Author Topic: How To Repack Your 4WD Front Wheel Bearings  (Read 6376 times)

Offline Dr_Snooz

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How To Repack Your 4WD Front Wheel Bearings
« on: August 21, 2015, 12:19:37 AM »
This is on my '89 Suburban, 10-bolt corporate axle with the 8.5" ring gear. This is my first 4WD, so it was all completely new to me. I set out on Monday with one mission: repack my front bearings. I set out again on Tuesday and again on Wednesday. I finally accomplished it today, Thursday. Because of errors in the manual, obscure special tools and lots of blank stares at the parts store, it took a lot longer than I anticipated. Hopefully this helps someone else.

Special stuff you'll need:
- 4-pin 4WD locknut socket (see below for pics and details)
- Torx drivers
- Snap ring pliers that push outward
- 3/8" hex key
- Dental pick kit
- Seal remover, a couple slotted screwdrivers and big crowbar or something to remove the old wheel seals
- Torque wrench capable of reaching 160 ft-lbs
- A flashlight is helpful
- Beyond this, you're going to need a basic tool kit including a ratchet, needle nosed pliers, Phillips screwdriver and so forth.

Unthread the 6 Torx bolts holding the hub locking mechanism, then remove the mechanism. There is no need to remove the Phillips screw holding the dial.





NB: the locking mechanism is a one-piece cartridge assembly. If yours springs apart into its component pieces like mine did, you need to fix that. I was able to thread mine back together using the opposite side as a reference.



Remove the small retaining screw and pull the inner gear.





Note that the gear is installed with the flush face facing outward. The inner gear teeth are recessed on the inside. Tried to get a pic, but it's blurry.



Remove the spring behind the gear.



Remember that you should have removed the caliper first, then remove it.



It is held on with 3/8" hex bolts.



Threaded from the inside.



The caliper rests nicely on the steering linkage.



You've noticed, no doubt, the deep grooves carved in this rotor and here's why.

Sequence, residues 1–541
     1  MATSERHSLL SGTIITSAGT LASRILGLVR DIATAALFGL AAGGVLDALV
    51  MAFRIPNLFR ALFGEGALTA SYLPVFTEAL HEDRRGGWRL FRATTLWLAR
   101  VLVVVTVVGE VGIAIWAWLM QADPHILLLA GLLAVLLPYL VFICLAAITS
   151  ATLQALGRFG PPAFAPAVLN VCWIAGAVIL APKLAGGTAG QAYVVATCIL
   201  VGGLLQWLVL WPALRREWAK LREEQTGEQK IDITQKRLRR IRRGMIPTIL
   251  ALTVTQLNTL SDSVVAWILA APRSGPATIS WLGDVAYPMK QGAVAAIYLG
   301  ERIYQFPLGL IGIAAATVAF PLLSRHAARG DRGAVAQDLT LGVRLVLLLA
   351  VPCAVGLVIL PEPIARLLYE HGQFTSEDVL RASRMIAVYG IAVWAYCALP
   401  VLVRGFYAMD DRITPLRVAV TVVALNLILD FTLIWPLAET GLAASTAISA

Yeah.

The caliper guide bushings came out with the pins, so I need to replace those. They are held in with rubber orings that disappeared long ago. Too bad I'm poor, so these are going back in smeared with some RTV to provide cushion.



Aside from the deep grooves, the rotors are brand-new, full thickness. I'd hate to throw half the rotor away by trying to machine this out, so I'm going with the grooves. The pads will wear to them.

Remove the snap ring on the spindle.



Then go change your torn glove.

Remove the retaining ring from the inside of the hub. It's nearly impossible to see and harder to remove. You'll need some dental picks of various shapes.



Thread in a couple of your Torx bolts to help pull out the locking gear mechanism.



The adjuster locknut is next up and requires this special socket to remove.



The locknut is supposed to be torqued to 160 ft-lbs. Mine threaded off easily by hand.

Gulp.

Remove the locknut



Now pull the retaining plate. Note the holes and the inner tang at the 3 o'clock position in the photo below.



Thread out the adjuster nut. It uses the same socket as the locknut. The adjuster nut looks just like the locknut with one very critical difference. The adjuster nut has a pin. You can see it at roughly the 1 o'clock position in the photo below.



The adjuster nut puts the correct preload on the wheel bearing. The pin pokes through one of the holes in the retaining plate. The retaining plate tang keys into a slot on the spindle which prevents the adjuster nut from rotating. The lock nut holds them both together tightly.

Pull the rotor off carefully. It's heavy. The outboard bearing will fall out the front of the rotor. Catch it and set it aside. On the back side of the rotor is the bearing seal. Remove it.



Super icky old grease! Remove the inboard bearing.



Now is a good time to address any other suspension issues you have going on. Replace bad lug studs while you have the rotor off. Inspect your caliper for leakage. Lube the chassis. Inspect your brake hoses for cracking. Inspect your shocks for oil leakage. Check your suspension for failing ball joints, pitman arms, rubber bushings, etc.

Clean and inspect the bearings and races. You'll have to decide how clean you want the bearings before you re-grease them. If the grease is dry and crumbly, you probably want to remove every last trace of it with a parts brush and solvent. Of course, if the grease is that bad, the bearings probably are too. My bearings were in good shape and the grease was too, so I did a paper towel wipe and moved on.

There is a lot of differing opinion on the best way to repack bearings. You can buy special tools if you want. I just smear a big gob of grease across the rollers, stuff it back in the hub and give it a good turn.



I usually pack some additional grease around the bearings inside the hub, then re-assemble.

Now inspect your spindle. My spindle is rusty.



Obviously my seal failed, allowing water inside the hub. Closer inspection revealed some rusty dings on the sealing surface of the spindle. I used a flat file to knock them smooth, then greased it. Hopefully this will be enough.